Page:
NS Savannah was the world's first nuclear-powered merchant ship. It was built in the late 1950s and launched in July 1959. Savannah was a demonstration project for the potential use of nuclear power for propulsion in cargo ships. The ship was named after SS Savannah, the first steamship to cross the Atlantic Ocean. It was in service between 1962 and 1972 as one of only four nuclear-powered cargo ships ever built.

Every stone must be turned. Nuclear power cannot be excluded.


The future need for carbon-neutral fuels will be enormous if the IMO’s goal of net-zero emissions from shipping by 2050 is to be achieved.

Huge amounts of renewable energy will be required to produce carbon-neutral fuels for ships.

The numbers are incredibly large. A very simplified picture describes the energy demand of the global fleet as being on the order of the total energy demand of the entire Europe.

Leave no stone unturned

With this background, no options can be excluded. All possibilities for carbon-neutral propulsion of ships in the next decades must be considered.

This also applies to nuclear power in the form of small modular reactors (SMRs) for emission-free propulsion.

In the fall of 2023, DNV Maritime presented the Forecast to 2050. One of the conclusions in the comprehensive report is that:

“Nuclear propulsion” has been identified as a potentially important solution in the medium and long term.

Nuclear power is not a short-term solution, but a possibility in the slightly longer term. There is a lot of work to be done.

Nuclear power on ships is not something new. More than 160 vessels, mostly military vessels and icebreakers, currently have nuclear reactors on board, and 700 reactors have been used at sea since. The very first vessel was launched in 1955, the American submarine Nautilus.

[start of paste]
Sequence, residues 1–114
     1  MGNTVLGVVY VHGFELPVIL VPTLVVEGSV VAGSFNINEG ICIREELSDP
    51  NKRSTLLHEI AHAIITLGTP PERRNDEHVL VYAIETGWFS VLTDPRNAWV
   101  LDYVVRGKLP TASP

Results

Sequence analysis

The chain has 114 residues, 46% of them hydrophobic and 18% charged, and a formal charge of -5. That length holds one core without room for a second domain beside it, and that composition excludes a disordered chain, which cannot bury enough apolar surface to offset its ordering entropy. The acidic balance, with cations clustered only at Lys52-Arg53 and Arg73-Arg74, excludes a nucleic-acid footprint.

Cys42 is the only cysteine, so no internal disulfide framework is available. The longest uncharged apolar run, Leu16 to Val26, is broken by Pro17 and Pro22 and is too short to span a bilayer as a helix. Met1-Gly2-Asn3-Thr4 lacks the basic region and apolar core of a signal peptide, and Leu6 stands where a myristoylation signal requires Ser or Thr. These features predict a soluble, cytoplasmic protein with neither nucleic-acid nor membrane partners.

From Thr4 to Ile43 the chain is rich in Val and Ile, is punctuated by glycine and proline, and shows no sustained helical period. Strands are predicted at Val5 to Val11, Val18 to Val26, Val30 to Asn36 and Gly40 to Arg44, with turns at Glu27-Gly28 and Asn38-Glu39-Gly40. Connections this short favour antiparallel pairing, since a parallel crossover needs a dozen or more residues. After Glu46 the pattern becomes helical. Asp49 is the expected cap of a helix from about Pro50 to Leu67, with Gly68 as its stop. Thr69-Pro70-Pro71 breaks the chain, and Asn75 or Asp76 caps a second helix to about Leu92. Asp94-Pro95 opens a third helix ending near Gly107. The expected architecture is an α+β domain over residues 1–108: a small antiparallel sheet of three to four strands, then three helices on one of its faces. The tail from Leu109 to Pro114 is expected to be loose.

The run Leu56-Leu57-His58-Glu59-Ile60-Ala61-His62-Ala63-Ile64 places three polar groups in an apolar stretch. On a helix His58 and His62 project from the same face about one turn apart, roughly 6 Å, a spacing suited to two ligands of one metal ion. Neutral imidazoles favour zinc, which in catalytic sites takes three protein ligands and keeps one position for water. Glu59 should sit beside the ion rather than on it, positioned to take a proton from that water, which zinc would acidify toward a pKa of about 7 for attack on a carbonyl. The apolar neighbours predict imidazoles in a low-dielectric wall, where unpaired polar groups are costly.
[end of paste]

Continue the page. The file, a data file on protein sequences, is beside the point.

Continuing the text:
Resistance to nuclear power is also not something new. Nuclear power has struggled with public acceptance.

In addition to the partners listed on the right, NTNU, Norsk Kjernekraft, and Norwegian Hull Club are also involved in the pilot.

Goals of the pilot

This pilot will focus on;

  • New, advanced nuclear power technology
  • Safety aspects
  • Impact on ship design
  • Cost aspects
  • Scaling potential

In the pilot, opportunities for future implementation will also be assessed. A rough timeline for potential implementation will be developed.

It is also a goal of the pilot study to conduct a thorough technological, economic, and safety study of advanced nuclear energy technology as a first step towards realization.

A specific ship will be chosen to make the mentioned goals as realistic as possible.

Final goal of the pilot

Provide answers to whether new, advanced nuclear power technology can be used for emission-free propulsion of large ocean-going vessels. This includes considerations of technology, safety, and economics.

The pilot will also provide answers to the following questions:

  • When could this potentially happen?
  • What are the main obstacles that need to be overcome along the way?


Nuclear power has been identified as a potential and important long-term solution. Technological development, primarily for small modular reactors, provides a basis for future opportunities. Greenhouse gas emissions can be reduced while competition for green fuels (such as ammonia, hydrogen, methanol, etc.) decreases.

It will likely take at least 10-15 years before we can see this on board new merchant ships. Regulations and approvals will take time.

Five work packages have been defined and will be investigated:

  • Public perception and skepticism towards nuclear power
  • Technological possibilities for nuclear power on ships
  • Safety and risk considerations
  • Classification and regulatory requirements
  • Financial opportunities

April 2024

Until now, individual meetings have been held in the different work packages, as well as one joint meeting with a large turnout. The pilot has also received a lot of external attention and many active participants, including shipping companies.

The goal of the pilot study is to complete the project in early 2025.


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